Well, for me it's a yes and a no. Being an instrumentalist in an ensemble definitely has helped me in a million ways musically (including composition) and it's doubtful I would have the inspiration to compose without the appreciation and understanding what is means to come together and produce music. In terms of the actual process, I have had little passion for noodling/improvising on a instrument outside of piano (and I can barely play one) - it's probably because solo playing has never appealing to me, and whenever I'm playing alone I almost always envisioning the ensemble sound as I play.
Additionally, the things I want from my music right now barely align with what I've heard and experienced in ensembles (clarinet player, so largely wind bands) and I find myself questioning if what I already know how to write is what I actually want to be writing. I didn't realize it until recently, but I think in some ways being an instrumentalist has impeded my composition as well as helped it, in this respect.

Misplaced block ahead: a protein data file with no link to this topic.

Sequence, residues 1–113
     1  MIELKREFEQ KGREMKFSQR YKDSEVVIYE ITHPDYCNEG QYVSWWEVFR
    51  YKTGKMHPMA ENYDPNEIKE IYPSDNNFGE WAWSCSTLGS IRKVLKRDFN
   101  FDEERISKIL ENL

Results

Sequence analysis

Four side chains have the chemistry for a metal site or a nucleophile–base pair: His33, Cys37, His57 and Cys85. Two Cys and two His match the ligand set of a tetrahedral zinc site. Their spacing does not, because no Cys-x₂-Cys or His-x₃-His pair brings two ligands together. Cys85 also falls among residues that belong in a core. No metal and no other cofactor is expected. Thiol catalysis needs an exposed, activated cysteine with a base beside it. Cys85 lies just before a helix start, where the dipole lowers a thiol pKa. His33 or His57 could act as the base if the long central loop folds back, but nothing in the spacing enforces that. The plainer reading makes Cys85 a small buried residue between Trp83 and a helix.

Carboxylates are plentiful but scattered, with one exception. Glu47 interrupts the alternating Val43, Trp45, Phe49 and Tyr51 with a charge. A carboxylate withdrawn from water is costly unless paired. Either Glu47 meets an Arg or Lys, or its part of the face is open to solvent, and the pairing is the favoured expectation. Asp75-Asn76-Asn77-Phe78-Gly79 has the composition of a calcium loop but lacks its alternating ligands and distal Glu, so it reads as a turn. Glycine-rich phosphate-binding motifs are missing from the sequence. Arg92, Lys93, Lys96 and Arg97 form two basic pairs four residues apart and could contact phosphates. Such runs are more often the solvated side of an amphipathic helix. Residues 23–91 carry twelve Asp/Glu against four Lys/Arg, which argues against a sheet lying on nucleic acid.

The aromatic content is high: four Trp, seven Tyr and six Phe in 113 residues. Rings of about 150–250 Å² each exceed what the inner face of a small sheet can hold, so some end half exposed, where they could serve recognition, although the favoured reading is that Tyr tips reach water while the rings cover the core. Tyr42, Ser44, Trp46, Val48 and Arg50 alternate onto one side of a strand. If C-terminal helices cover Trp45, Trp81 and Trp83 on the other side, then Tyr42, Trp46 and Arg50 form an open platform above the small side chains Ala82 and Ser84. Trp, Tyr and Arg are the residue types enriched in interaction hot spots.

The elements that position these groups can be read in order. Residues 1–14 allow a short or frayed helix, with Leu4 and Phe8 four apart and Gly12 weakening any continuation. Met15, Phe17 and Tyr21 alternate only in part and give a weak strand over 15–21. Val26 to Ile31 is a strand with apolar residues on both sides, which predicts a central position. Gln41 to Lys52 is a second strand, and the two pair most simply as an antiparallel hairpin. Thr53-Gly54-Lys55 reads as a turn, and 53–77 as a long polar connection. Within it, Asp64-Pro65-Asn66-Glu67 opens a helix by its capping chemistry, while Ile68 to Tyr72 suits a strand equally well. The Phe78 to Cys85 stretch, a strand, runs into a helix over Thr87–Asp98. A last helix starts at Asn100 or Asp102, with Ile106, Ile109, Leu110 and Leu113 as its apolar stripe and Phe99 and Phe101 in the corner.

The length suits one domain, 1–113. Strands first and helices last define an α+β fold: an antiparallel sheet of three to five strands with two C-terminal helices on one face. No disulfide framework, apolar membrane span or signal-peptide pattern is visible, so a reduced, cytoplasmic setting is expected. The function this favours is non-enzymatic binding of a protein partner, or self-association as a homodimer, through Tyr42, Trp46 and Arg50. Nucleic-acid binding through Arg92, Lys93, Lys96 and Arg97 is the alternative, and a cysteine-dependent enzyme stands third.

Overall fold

One of my composition teachers once said to me, and I quote, "Good music can be made without any instruments at all." Well, I assure you that there's no point in going down that rabbit hole imo. The more you know about the idiomatic characteristics of instruments and the humans that play them the better composer you will be. Can you imagine a doctor who's only seen a dead body in text books?
100% yes, everything I've written has benefitted from my experience as an instrumentalist.
Trombone less-so than piano, but I find writing music at an instrument to be considerably quicker, more intuitive, and more organic than anything I could produce without it. Hearing physically how tones will react to each other is valuable, regardless of the eventual orchestration.
As a brass player, having an understanding of how instruments work: harmonic series, air, breathing, dynamic control, flexibility and physical limitations is helpful when it comes to orchestration.